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Diplomacy: The Board Game of the Alpha Nerds (2014) (grantland.com)
139 points by ollieglass 11 months ago | hide | past | favorite | 87 comments

This game takes like 8-12 hours, but if you do it in person, it just FLIES by. I was too afraid to take a food break or even a bathroom break because I didn't want to be out of earshot of everyone else so they could scheme against me.

We had 15 minutes for planning each turn, and that never seemed like enough. You want to talk to everyone, sometimes including one person, then again after that person leaves to talk to someone else and the third person tells you 'Actually I didn't mean what I told him. Screw that guy, let's do this instead.'

And then that guy backstabs YOU instead, and you find out their quarrel was all a ruse for everyone else and they were actually just pretend trading supply centers back and forth, not actually fighting.

It was overwhelming and I never knew who I could trust, with each turn just nailbiting seeing how it actually played out. But it was also one of the most exhilarating (yet exhausting) gaming experiences in my life.

There's also websites for doing it online, and you send messages back and forth, and can set how long each turn takes (like a day or two maybe). It still works that way, but the experience isn't quite as overwhelming.

Not bad for a 62 year old game.

"This game takes like 8-12 hours"

I found the best Diplomacy framework is a hard 15 minutes/turn limit. After 15 minutes, your moves are down on paper or they don't happen. This yields a 4-5 hour game.

By "best", I mean, "it's fun, it's intense and it's done". I see a lot of variations being described along with notes they became intolerably intense for people.

Which is to say, this isn't a framework that needs help to be made more engaging. Keeping the excess-engagement genie sometimes in the bottle is more the challenge here.

"I was too afraid to take a food break or even a bathroom break because I didn't want to be out of earshot of everyone else so they could scheme against me."

I seem to recall hearing about one tournament game where one player got locked in the restroom to prevent him from taking some action---the judges ruled it a legitimate tactic.

I've found it's best when played by a group of friends at a turn per day. Every day at 18:00, for example, moves are due and revealed. It lets people scheme and talk during the day.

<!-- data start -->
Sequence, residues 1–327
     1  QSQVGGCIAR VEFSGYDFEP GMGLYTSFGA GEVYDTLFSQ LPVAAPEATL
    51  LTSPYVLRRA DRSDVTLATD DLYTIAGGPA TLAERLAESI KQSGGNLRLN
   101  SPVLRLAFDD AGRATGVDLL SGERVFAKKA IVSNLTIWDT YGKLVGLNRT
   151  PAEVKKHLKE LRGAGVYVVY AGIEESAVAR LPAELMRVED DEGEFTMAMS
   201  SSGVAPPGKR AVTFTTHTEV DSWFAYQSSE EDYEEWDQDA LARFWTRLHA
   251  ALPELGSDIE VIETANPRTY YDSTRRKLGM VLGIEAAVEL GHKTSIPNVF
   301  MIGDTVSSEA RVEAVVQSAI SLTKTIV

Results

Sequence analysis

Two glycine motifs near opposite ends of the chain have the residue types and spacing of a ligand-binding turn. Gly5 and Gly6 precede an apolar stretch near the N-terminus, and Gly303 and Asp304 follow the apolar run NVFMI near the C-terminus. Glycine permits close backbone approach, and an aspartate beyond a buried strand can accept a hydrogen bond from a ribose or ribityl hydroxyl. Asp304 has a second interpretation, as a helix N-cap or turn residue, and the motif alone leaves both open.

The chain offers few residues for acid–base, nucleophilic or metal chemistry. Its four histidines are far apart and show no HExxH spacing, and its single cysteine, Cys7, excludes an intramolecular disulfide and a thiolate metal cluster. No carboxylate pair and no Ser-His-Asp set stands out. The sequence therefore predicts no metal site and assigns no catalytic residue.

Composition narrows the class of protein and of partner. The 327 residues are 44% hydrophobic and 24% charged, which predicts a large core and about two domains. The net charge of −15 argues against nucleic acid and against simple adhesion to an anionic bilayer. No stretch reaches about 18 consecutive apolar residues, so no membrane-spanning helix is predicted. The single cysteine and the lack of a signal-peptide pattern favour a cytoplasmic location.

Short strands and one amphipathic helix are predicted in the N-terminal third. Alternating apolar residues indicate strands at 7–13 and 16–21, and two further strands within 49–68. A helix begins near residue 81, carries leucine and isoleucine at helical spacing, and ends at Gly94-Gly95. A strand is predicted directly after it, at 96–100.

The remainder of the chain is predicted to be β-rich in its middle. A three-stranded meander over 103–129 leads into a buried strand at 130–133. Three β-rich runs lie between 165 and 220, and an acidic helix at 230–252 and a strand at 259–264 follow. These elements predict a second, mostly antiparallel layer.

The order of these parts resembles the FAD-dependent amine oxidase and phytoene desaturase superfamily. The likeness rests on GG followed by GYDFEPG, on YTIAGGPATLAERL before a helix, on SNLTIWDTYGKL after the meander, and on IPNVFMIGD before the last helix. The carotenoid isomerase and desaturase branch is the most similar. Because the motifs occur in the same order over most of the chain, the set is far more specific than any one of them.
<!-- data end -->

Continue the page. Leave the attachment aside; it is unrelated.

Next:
I agree. That's the most effective way. After a few games, no friends remain.

I’ve found this is not a game best played with friends, unless they don’t care to stay friends.

Try playing online with 48 hour deadlines. Diplomacy isn't a thing that's over in a day, its a thing that just happens in the background for weeks at a time. The paranoia gets to you man.


The main flaw of Diplomacy is in the "metagame" problem that for some of the players the game ends a few hours earlier than the others, so they don't get to spend the potential evening gaming with friends as expected and are bored - so this motivates people to choose some other game where everyone will be involved through all or most of it.

Colonial Diplomacy plays a lot faster than regular Diplomacy but the end game is a bit more brutal.

We played this in college, but with a couple twists. We had probably 30 people playing separated into the seven teams. Each week, we'd execute one round of orders on Friday evening followed by drinks.

Really upped the intrigue as the time scales better matched real diplomacy. Plus the distinction of having to balance internal and external politics better matches real life diplomatic tradeoffs. "What you're saying makes sense, but I'm not sure I can sell that to our ruling council" was something you'd hear a lot. Teams also got really into their countries going so far as basically cosplaying at the end. There was also enough people playing that we were able to keep a regular cadence; it didn't really matter if even a whole team couldn't make it one Friday because they'd get a whole week to get their next orders in. The actual execution was more ceremony than where the main mechanics of the game occurred.

In grad school we did something fairly similar when a new faculty member suggested it as a team building exercise...I'm not sure how well it worked :)

Diplomacy played in small groups with friends is a great way to end up with less friends.

To win you basically have to lie to their faces. Still, it’s a great game.

To win you basically have to lie to their faces. Still, it’s a great game.

I have a friend who is a nationally ranked player. He says that among players of his calibre people essentially never lie. That is in part because there is a repeated prisoner's dilemma, anyone who lies will get caught and it WILL come back to bite them in future games.

I love the game, though haven't played in.... a decade at least.

I worked at a place where some other people had a diplomacy club and they'd play over lunch or after hours.

I decided I didn't really want to know who at work was best at lying and backstabbing.

I later left the place because they did stack ranking and found that teams traded people from one team to another with the express purpose of "the new person gets the PIP"

Not my cuppa.

Don't play diplomacy at work and maybe don't work where they play diplomacy?